Diadectomorpha is a clade of Late Palaeozoic vertebrates widely recognized as the sister group of crown-group Amniota and the first tetrapod lineage to evolve high-fibre herbivory. Despite their evolutionary importance, diadectomorphs are restricted stratigraphically and geographically, with all records being from the Upper Carboniferous and Lower Permian of North America and Germany. We describe a new diadectomorph, Alveusdectes fenestralis, based on a partial skull from the Upper Permian of China. The new species exhibits the derived mechanism for herbivory and is recovered phylogenetically as a deeply nested diadectid. Approximately 16 Myr younger than any other diadectomorph, Alveusdectes is the product of at least a 46 Myr ghost lineage. How much of this time was probably spent in Russia and/or central Asia will remain unclear until a specimen is described that subdivides this cryptic history, but the lineage assuredly crossed this region before entering the relatively isolated continent of North China. The discovery of Alveusdectes raises important questions regarding diadectomorph extinction dynamics including what, if any, ecological factors limited the diversity of this group in eastern Pangea. It also suggests that increased sampling in Asia will likely significantly affect our views of clade and faunal insularity leading up to the Permo-Triassic extinction.
For a radiation that is only moderately diverse (13 recognized species ) and failed to survive the Palaeozoic, Diadectomorpha is central to discussions of Late Palaeozoic vertebrate evolutionary history. It is the first and most diverse example of high-fibre herbivory among Permo-Carboniferous tetrapods and thus critical to the origin of modern terrestrial communities . Diadectomorpha is also widely accepted as the sister taxon to crown-group Amniota (; but see ), giving it significant influence on our understanding of amniote origins. Here we describe a new diadectomorph based on a partial skull recovered from the Upper Permian Jiyuan Fauna of northern China . The new taxon is the first record of a diadectomorph outside North America or Germany and the first evidence that Diadectomorpha survived the Lower Permian. A possible diadectomorph was recently reported from the Upper Permian of Brazil; however, the poor preservation of the specimen does not support a clear diagnosis . We explore the phylogenetically contextualized implications of this extralimital status for the geographical and stratigraphic dynamics of this important group.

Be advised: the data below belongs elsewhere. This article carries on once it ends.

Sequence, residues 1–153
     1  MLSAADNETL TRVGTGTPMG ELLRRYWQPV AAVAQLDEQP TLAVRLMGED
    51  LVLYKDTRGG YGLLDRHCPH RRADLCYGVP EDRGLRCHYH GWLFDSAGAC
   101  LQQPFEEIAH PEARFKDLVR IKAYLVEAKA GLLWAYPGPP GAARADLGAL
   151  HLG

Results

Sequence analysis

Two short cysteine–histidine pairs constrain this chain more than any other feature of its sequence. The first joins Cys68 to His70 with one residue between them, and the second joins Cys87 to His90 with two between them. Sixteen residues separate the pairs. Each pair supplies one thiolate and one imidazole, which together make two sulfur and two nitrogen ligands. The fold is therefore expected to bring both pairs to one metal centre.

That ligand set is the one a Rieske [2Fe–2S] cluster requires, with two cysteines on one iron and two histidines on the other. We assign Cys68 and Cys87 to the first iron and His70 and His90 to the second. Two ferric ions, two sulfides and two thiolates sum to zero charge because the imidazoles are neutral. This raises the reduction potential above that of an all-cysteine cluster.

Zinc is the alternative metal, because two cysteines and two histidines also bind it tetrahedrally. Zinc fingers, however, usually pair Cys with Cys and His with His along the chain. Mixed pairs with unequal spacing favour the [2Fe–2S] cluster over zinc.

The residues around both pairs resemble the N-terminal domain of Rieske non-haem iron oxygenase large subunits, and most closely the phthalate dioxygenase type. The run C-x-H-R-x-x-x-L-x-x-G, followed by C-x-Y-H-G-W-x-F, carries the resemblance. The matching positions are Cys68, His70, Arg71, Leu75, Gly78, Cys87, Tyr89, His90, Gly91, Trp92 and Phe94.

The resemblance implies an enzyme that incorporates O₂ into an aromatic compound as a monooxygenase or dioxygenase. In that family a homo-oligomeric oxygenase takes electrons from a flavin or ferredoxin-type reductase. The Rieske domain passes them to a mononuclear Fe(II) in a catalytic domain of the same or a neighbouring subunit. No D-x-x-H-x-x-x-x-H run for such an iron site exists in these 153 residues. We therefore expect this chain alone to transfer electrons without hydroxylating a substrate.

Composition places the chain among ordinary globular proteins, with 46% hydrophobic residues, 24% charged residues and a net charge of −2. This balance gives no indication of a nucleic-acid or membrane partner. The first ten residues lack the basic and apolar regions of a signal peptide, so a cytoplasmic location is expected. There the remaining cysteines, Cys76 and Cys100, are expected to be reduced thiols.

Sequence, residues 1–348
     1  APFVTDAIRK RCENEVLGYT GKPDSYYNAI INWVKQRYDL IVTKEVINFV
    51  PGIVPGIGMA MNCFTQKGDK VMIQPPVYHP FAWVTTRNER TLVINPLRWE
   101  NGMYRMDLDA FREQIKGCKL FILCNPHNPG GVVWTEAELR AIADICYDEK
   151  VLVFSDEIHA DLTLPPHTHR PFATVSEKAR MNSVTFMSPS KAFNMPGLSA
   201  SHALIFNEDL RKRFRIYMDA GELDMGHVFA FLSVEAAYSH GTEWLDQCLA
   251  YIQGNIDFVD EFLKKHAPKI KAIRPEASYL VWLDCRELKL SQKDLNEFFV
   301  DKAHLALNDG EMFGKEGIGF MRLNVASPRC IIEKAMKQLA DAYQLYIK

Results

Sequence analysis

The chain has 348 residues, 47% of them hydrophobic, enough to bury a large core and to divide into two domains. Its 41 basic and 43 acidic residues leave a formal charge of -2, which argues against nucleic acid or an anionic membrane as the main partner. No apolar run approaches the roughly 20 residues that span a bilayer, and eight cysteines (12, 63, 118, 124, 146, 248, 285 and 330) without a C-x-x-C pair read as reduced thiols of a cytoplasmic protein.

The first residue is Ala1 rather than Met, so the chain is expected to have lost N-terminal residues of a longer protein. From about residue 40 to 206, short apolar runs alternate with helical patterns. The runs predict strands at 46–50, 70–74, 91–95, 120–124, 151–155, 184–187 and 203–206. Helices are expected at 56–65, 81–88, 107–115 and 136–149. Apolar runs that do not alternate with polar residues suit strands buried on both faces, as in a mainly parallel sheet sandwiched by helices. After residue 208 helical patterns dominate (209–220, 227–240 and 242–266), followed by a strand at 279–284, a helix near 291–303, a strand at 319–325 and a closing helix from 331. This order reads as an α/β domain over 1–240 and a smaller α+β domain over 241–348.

2. Systematic palaeontology
Diadectomorpha Watson 1917
Diadectidae Cope 1880
Alveusdectes fenestratus gen. et sp. nov.
Generic name from the Latin alveus, meaning reservoir and referring to the type locality near Xiaolangdi Reservoir, and dectes, biter. Specific epithet from the Latin fenestratus, meaning windows and referring to the characteristically large suborbital fenestrae.
IVPP V 20127, partial skull with lower jaws.
(c) Type locality and age
Shangshihezi (Upper Shihhotse) Formation, Henan Province (field locality 63 024); Jiyuan fauna correlates roughly with Cistecephalus assemblages of South Africa , which is dated as Wuchiapingian, Upper Permian, roughly 256 Ma .
Diadectid diadectomorph distinguished by three autapomorphies: large suborbital fenestra, large fourth dentary tooth, and especially elongate and posteriorly positioned Meckelian fenestra. Diagnosed to Diadectomorpha based on long Meckelian fenestra, labial parapet of dentary, and procumbent teeth in anterior portion of mandible . Diagnosed to Diadectidae based on heterodont dentition with transversely oriented molariform teeth with labial and lingual cusps. Differs from Diadectes (spp.) and Desmatodon hesperis in having a slender lower jaw ; from Diadectes sanmiguelensis and Orobates pabsti in having a secondary palatal shelf [11,12]; from Ambedus pusillus in having marginal teeth whose roots are longer than the height of their crowns . Further differs from Ambedus, Desmatodon, Diadectes absitus, and possibly D. sanmiguelensis in having as many as four lower incisiform teeth [9,10,12–14]. The largest preserved dentary tooth has a similar breadth to that of Desmatodon but is not as long [9,10]. Differs from all diadectids, besides Diadectes, in possessing cheek teeth whose crown height is less than half crown width [9,10]. See the electronic supplementary material for further discussion.
The fragmentary skull (figure 1) includes portions of the left jugal, palatine, ectopterygoid, epipterygoid, pterygoid, parabasisphenoid and both maxillae. The left maxilla houses three deeply ankylosed and nearly complete marginal teeth that remain labial to the lower teeth during jaw adduction. The anterior two teeth exhibit transversely elongate crowns, whereas that of the third is more oval with a strong central ridge flanked by shallow basins and a moderately developed shoulder. The root of the reciprocal third tooth is distinctly longer than the height of its crown.
The jugal overlaps the maxilla to form the ventral orbital margin. The edentate palatine includes a secondary shelf that articulates with the maxilla above the alveolar margin and may have served as an occlusal surface for the lower teeth [15,16]. The palatine, jugal and pterygoid together define a suborbital fenestra whose distinctly large size reflects a retraction of the pterygoid (figure 1b). The pterygoid includes an edentulous transverse flange whose lateral end lies at the level of the maxillary tooth row and, with the ectopterygoid, defines a pterygoideus depression. The tiny interpterygoid vacuity is closed posteriorly by the block-like basal process of the pterygoid and is partially divided sagittally by the broken cultriform process. The basicranial joint is closed and inflexible.